Upgrading to Istio 1.11


The second upgrade of the blog. It was uneventful, and that is a good thing.

I am working with Istio at work as well, and this far the upgrades to 1.10 and to 1.11 were preceding the upgrades at work. Configuration and traffic/load is different of course, but there’s a chance that I can catch bugs by piloting an upgrade in my production environment first.

Note: as I am working in a team, I am not always the one performing those upgrades, but I try to be involved and monitor the performance after the upgrades took place.

My plan is to revisit these posts from time to time, and add the experience of upgrading those larger service meshes.

Upgrade notes, changes

After browsing through the upgrade notes for 1.11, no high-risk change stood out.

The istiodRemote component now simplifies remote cluster installation, there’s an EnvoyFilter semantics change, and the host header fallback is disabled for all inbound metrics.

Let’s take a closer look at the last one.

Until 1.11, host header fallback was only disabled for Gateway traffic. Now it’s disabled for every inbound traffic. What does host fallback mean?

Istio metrics have a label, called destination_service and if Envoy cannot determine it by itself, it defaults to the host header. Clients tend to use multiple host headers, so this can lead to high-cardinality.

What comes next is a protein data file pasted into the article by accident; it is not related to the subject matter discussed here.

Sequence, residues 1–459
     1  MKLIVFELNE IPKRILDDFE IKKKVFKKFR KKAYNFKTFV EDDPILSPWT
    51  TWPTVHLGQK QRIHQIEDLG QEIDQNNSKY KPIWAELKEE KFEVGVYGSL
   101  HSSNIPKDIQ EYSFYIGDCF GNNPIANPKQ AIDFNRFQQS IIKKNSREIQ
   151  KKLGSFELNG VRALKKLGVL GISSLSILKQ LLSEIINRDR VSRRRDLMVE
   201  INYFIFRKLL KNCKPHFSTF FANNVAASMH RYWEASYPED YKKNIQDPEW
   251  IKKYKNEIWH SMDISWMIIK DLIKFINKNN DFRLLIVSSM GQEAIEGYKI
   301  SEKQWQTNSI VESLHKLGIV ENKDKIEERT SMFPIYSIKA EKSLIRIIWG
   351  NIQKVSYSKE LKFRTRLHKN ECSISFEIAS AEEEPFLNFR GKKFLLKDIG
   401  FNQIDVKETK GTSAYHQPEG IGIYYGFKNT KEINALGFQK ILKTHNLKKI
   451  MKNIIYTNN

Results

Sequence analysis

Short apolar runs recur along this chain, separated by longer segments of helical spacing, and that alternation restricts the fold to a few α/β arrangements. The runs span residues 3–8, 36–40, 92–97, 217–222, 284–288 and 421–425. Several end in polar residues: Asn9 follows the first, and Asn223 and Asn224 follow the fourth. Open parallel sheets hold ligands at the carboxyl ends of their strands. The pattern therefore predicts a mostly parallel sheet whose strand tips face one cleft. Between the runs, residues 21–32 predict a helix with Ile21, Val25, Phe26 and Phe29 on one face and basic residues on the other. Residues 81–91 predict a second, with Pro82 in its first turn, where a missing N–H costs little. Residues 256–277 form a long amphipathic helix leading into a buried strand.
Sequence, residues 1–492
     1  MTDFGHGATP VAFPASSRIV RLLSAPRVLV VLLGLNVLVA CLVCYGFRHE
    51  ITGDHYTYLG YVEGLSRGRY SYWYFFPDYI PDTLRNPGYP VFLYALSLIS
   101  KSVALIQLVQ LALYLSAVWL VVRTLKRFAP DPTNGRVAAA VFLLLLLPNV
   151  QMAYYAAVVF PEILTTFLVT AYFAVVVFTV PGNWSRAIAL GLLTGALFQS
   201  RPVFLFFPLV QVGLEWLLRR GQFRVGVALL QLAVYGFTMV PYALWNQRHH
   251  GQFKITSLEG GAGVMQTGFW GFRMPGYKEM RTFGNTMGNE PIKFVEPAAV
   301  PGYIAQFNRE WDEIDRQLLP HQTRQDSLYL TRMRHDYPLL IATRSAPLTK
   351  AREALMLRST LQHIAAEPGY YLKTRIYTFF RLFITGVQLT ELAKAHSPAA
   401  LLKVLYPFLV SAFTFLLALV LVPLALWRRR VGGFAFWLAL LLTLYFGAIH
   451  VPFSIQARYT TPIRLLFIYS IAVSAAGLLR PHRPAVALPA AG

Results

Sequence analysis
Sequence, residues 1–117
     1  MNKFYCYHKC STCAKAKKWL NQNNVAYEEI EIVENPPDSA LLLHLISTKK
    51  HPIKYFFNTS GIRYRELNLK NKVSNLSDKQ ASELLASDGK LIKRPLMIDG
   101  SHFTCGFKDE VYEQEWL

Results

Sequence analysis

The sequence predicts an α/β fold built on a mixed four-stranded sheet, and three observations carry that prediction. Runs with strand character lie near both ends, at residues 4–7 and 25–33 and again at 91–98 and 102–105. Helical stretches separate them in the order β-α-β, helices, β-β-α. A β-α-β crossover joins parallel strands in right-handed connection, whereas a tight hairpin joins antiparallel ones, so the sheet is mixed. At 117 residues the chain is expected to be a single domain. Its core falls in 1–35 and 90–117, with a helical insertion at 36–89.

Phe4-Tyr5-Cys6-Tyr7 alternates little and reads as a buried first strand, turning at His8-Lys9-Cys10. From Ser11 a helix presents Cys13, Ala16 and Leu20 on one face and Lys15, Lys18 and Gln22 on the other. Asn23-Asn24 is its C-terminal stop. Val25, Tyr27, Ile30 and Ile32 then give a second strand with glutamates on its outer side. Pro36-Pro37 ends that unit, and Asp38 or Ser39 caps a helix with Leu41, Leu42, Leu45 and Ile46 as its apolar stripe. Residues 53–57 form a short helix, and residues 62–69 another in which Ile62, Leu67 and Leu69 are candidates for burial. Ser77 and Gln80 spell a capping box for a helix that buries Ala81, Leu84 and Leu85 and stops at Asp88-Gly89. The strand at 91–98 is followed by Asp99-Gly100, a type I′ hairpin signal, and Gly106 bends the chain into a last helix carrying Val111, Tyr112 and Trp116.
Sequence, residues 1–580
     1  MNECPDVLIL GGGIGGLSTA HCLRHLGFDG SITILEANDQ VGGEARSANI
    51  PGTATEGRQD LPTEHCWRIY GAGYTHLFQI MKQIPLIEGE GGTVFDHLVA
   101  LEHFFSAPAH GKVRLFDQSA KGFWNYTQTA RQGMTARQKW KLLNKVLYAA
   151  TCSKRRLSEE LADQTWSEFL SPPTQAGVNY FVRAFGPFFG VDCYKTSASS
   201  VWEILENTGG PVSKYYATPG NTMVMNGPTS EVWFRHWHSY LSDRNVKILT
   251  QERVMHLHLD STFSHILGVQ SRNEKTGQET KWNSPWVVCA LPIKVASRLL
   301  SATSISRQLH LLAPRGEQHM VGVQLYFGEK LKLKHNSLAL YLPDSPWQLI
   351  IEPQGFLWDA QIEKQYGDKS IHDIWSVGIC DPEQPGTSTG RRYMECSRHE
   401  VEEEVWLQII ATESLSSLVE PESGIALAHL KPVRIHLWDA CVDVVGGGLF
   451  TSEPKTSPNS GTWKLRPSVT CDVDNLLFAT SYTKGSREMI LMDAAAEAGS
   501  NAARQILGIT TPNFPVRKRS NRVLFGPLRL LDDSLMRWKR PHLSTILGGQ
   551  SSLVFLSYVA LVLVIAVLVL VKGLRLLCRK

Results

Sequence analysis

Having this functionality disabled will potentially decrease the load on your Prometheus instances by avoiding metrics creation on all these headers.

I have this drop in Istio metrics.


You can use this query to get the top 5 time series starting with istio.*.

topk(5, count by (__name__)({__name__=~"istio.*"}))

It’s a nice little improvement, especially if you are not using other metrics optimizations e.g. recording rules.


After the wild rides of release 1.10, the memory usage of Envoy proxies seems to have stabilised a bit.


This query will give you the memory usage of istio-proxy containers per injected pods.

sum(container_memory_working_set_bytes{container="istio-proxy"}) by (pod)

It’s still a bit hectic, but the footprint is lower, and the spikes are smaller, so we are heading in a good direction.

Istiod’s memory and CPU usage are roughly the same, so it looks like the increase of Discovery container is here to stay.

Here’s a snapshot of my Istio Performance dashboard that I am using after upgrades.